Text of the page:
ATLANTA — Peterbilt Motors Co. continues to strengthen its market position amid signs that more fleet customers are working to lower the average age of their fleets.
During a press conference at the North American Commercial Vehicle (NACV) Show, General Manager Jason Skoog outlined new safety and efficiency updates for many of Peterbilt's diesel models and provided an update on its battery-electric lineup.
Skoog, who is also a Paccar vice president, expects Peterbilt to end the year with a Class 8 market share approaching 15%. Industrywide sales in the United States and Canada are projected to finish between 310,000 and 320,000 units.
With 2020 appearing to be shaping up “as a solid replacement volume year,” sales will fall to between 230,000 and 260,000 units, said Skoog. Peterbilt’s market share in the medium-duty sector hit 9% last year, and Skoog projected it could reach 12% before too long.
Skoog said feedback from customers earlier this month indicated that more and more are aiming to keep their average fleet age at less than two years, which translates into a trade cycle of four years or less.
In an interview after the press conference, he said that customers believe there are multiple advantages to having a fresher fleet, including that it gives potential driver hires a much "different outlook on first impression.” Beyond recruiting and retention, there are greater fuel efficiency gains and safety technologies with each passing model year, he added.
Skoog was pleased to report Peterbilt has taken 11,000 orders for the 579 UltraLoft sleeper model since being launched in the summer of 2018. About 70% of these are from customers who had previously opted for Peterbilt's traditional sleeper, while the others are ones “Peterbilt has never sold trucks to before.”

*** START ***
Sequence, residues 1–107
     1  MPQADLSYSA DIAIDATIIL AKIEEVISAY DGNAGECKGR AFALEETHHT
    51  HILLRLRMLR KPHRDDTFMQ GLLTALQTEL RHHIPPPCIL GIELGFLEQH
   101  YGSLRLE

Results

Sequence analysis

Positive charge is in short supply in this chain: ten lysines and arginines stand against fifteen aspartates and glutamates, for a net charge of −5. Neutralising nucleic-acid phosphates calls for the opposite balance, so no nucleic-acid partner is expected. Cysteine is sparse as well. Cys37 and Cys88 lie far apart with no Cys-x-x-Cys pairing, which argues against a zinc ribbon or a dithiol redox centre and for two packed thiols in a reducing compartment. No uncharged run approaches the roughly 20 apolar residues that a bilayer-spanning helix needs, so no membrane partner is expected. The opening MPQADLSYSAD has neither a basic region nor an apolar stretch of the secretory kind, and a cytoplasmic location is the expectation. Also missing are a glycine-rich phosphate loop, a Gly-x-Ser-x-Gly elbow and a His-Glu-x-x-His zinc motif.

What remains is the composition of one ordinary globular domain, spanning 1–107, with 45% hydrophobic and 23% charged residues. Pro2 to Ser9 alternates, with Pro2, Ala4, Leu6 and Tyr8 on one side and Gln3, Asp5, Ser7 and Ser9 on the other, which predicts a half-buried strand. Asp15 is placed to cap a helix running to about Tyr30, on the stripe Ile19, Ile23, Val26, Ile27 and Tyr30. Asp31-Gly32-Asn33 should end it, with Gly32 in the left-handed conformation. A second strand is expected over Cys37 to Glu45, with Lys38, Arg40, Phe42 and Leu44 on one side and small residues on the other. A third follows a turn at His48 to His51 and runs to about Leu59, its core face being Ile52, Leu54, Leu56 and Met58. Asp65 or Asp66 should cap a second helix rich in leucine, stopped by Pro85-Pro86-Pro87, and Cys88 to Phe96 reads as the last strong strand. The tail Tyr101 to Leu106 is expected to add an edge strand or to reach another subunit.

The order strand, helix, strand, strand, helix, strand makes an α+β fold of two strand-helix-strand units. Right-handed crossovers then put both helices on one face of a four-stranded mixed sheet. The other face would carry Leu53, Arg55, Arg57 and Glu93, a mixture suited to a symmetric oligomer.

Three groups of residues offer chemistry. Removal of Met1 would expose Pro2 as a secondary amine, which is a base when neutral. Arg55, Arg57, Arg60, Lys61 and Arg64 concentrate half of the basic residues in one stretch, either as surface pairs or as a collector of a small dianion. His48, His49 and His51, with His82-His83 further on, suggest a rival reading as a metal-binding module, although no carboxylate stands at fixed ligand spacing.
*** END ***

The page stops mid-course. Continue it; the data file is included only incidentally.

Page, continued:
In another announcement at NACV, Peterbilt said the Model 579 will come standard with the next generation Bendix Wingman Fusion safety system starting early in 2020. The updated offering incorporates highway departure braking and multi-lane emergency braking to the existing Bendix system.
On the battery-electric truck front, Skoog said Peterbilt will begin distributing pricing and ordering information for its three models in the second quarter of 2020. There are 16 electric Peterbilts already in operation, with 21 more expected to be put into service during the first half of next year.
The Model 579EV, 220EV and 520EV were all on display at Peterbilt’s booth in the exhibit hall. Limited production of these vehicles will begin before next year concludes, Skoog said. As extensive testing of electric trucks continue, he stressed that regardless of powertrain, if there is “a Peterbilt badge on the truck, it needs to perform like a Peterbilt.”
In other announcements at NACV:
Paccar’s 12-speed automated transmission is available for use in vocational applications where the truck spends most of its time on pavement or maintained dirt and gravel roads. The transmission will be available with the Paccar MX-11 or MX-13 engine with up to 510 hp. and 1,850 lbs.-ft. of torque. “The Paccar transmission represents a step change in drivability and performance over previous automated manual transmissions,” said Peterbilt Chief Engineer Scott Newhouse.
Peterbilt will begin to offer over-the-air updates for the Paccar MX engines and aftertreatment systems beginning in December for customers with model year 2017 or newer MX-11 or MX-13 engines and an active SmartLINQ subscription.
The company also introduced a new Platinum Service Center program that scores each dealership location based on key measures. Dealers who make the grade will be recognized at the annual Peterbilt Dealer Meeting in February.